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Energy bill will help solve Houston's jobless problem

"Energy bill will help solve Houston's jobless problem(By U.S. REP. Shelia Jackson Lee via Houston Chronicle)Our state is facing an unemployment rate of around 7.5 percent, the highest
it has been in the past 16 years. While this is 2 percent less than the
national average, Texas has not seen unemployment this high since 1993.
Last month alone, Texas lost 40,600 jobs.H.R. 2454, the American Clean Energy and Security Act of 2009, was proposed
to address the unemployment crisis in Texas and elsewhere in the country.
Specifically, H.R. 2454 promises to create 1.7 million well-paying jobs.
These jobs are derived from billions of dollars in green-energy-industry
investment that is expected once H.R. 2454 becomes law.Along with creating new jobs, H.R. 2454 offers other opportunities for the
18th District. Specifically, experts predict the efficiency standards in
the bill will allow Houstonians and the rest of America to collectively
save $29 billion over the next 10 years. Further, energy reform legislation
promises to generate $190 billion over the next 15 years to fuel the
creation of new businesses in the energy sector. Finally, H.R. 2454 aims to
increase our national security by reducing our dependence on foreign oil
and preserve our planet by reducing the pollution that causes global
warming.As an energy capital of the world, it is critical for Houston to be at the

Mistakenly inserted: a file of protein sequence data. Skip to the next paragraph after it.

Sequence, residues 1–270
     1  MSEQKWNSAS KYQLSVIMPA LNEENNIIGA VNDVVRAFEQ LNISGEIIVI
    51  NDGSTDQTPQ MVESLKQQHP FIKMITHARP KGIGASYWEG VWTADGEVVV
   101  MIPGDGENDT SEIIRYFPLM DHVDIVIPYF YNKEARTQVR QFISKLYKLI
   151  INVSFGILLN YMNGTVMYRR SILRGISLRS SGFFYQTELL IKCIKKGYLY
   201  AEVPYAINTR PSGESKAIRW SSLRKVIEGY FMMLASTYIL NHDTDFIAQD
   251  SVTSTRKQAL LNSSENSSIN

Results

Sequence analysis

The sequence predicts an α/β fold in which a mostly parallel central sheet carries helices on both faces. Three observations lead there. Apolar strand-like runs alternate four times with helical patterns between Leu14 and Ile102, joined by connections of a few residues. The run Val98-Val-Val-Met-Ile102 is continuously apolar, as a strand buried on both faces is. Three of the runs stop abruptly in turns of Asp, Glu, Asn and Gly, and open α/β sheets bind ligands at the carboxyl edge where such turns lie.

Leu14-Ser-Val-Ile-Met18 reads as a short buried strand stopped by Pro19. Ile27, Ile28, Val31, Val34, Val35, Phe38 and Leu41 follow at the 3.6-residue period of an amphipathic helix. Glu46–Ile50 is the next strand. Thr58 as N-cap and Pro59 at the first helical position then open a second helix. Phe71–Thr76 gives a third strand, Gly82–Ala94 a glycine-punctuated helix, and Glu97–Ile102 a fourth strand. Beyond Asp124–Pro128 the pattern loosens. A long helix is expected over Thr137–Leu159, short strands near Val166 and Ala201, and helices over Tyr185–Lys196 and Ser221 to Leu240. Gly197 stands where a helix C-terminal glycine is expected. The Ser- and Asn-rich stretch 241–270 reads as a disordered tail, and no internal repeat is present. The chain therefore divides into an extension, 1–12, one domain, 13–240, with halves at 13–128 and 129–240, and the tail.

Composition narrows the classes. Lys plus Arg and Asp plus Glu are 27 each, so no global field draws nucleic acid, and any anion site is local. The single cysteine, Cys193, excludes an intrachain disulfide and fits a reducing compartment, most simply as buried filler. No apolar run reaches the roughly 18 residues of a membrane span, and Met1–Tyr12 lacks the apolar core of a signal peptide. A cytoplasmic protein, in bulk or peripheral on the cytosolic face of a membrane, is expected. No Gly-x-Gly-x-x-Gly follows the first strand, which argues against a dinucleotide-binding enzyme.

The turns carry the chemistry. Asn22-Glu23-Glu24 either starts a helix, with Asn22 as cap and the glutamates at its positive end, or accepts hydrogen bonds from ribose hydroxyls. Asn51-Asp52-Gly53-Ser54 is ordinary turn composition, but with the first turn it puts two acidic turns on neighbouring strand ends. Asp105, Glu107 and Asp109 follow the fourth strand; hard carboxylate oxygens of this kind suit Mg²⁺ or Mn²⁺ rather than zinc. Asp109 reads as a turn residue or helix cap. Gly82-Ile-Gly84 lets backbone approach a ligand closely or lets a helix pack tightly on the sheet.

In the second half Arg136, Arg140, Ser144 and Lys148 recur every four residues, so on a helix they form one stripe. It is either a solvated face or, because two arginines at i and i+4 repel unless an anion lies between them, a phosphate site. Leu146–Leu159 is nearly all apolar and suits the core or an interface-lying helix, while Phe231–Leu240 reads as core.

forefront in the quest for clean, renewable energy. In addition to having
energy companies as constituents, I have spent a career working in the
energy sector, representing big and small oil companies alike. And while
Houston is home to some of the largest petroleum companies in the world,
our city is also the headquarters for leading solar- and wind-power firms.Energy reform offers significant opportunities for Houston, but it also
comes with a number of challenges, particularly for our city's petroleum
community. Namely, the bill does not provide petroleum companies the same
credits afforded to companies in other areas of the energy sector. As such,
I was faced with a dilemma.With this tough choice before me, I sought out advice from my constituents
both inside and outside the petroleum industry. I was urged to barter my
vote to negotiate with the House leadership to win key concessions to help
my constituents. And that I did.For petroleum workers, I secured legislation to assist those displaced by
the bill to get the training and support they need to find new green jobs.
For elderly homeowners and owners of homes in Houston's distressed
neighborhoods, I've worked to ensure the bill does not devalue their homes'
efficient-labeling program. With my input, owners of older homes do not
have a mark against them for not employing the "green labeling" system
common in most new construction. Moreover, I worked to include a provision
in the energy bill that ensures that minority-owned and women-owned
businesses can benefit from grants aimed at stimulating business
development.Despite these improvements to the energy reform bill, there is still more
that needs to be done to improve the legislation before it becomes law. I
believe that America should have a diversity of energy sources, including
fossil fuels and wind, solar and hydropower sources. As such, I am working
diligently with my congressional colleagues from around the country to
ensure that the energy bill is improved to ensure that the domestic
petroleum sector remains a valuable component of our nation's seamless
energy policy.In addition, I'm also looking to the current debate over health care reform
to take a second bite at the apple to advance Houston's energy priorities.
Specifically, I've proposed to incorporate into the health care bill a
program to encourage construction of green community health centers. This
idea was inspired by the fact that many of the places in our community that
provide health care services to the sick are located in buildings that are